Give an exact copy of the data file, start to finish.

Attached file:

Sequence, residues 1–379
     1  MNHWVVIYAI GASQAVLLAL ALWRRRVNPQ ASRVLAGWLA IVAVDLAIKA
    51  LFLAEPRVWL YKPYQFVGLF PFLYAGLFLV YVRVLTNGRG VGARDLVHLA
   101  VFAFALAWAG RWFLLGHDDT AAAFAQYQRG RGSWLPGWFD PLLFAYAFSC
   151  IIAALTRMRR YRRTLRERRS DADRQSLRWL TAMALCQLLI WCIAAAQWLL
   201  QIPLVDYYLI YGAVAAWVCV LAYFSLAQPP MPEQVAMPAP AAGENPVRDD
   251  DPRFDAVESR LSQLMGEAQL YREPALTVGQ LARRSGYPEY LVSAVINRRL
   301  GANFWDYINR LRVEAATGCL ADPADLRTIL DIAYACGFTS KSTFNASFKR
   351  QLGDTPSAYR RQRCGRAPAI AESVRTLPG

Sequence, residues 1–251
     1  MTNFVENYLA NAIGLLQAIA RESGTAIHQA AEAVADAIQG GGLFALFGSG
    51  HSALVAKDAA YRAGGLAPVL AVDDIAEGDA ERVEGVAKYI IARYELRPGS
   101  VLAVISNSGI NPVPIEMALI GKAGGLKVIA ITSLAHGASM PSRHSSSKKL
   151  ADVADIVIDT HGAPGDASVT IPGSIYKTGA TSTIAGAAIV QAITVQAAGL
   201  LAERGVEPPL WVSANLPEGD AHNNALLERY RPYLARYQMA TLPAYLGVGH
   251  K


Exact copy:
Sequence, residues 1–379
     1  MNHWVVIYAI GASQAVLLAL ALWRRRVNPQ ASRVLAGWLA IVAVDLAIKA
    51  LFLAEPRVWL YKPYQFVGLF PFLYAGLFLV YVRVLTNGRG VGARDLVHLA
   101  VFAFALAWAG RWFLLGHDDT AAAFAQYQRG RGSWLPGWFD PLLFAYAFSC
   151  IIAALTRMRR YRRTLRERRS DADRQSLRWL TAMALCQLLI WCIAAAQWLL
   201  QIPLVDYYLI YGAVAAWVCV LAYFSLAQPP MPEQVAMPAP AAGENPVRDD
   251  DPRFDAVESR LSQLMGEAQL YREPALTVGQ LARRSGYPEY LVSAVINRRL
   301  GANFWDYINR LRVEAATGCL ADPADLRTIL DIAYACGFTS KSTFNASFKR
   351  QLGDTPSAYR RQRCGRAPAI AESVRTLPG

Sequence, residues 1–251
     1  MTNFVENYLA NAIGLLQAIA RESGTAIHQA AEAVADAIQG GGLFALFGSG
    51  HSALVAKDAA YRAGGLAPVL AVDDIAEGDA ERVEGVAKYI IARYELRPGS
   101  VLAVISNSGI NPVPIEMALI GKAGGLKVIA ITSLAHGASM PSRHSSSKKL
   151  ADVADIVIDT HGAPGDASVT IPGSIYKTGA TSTIAGAAIV QAITVQAAGL
   201  LAERGVEPPL WVSANLPEGD AHNNALLERY RPYLARYQMA TLPAYLGVGH
   251  K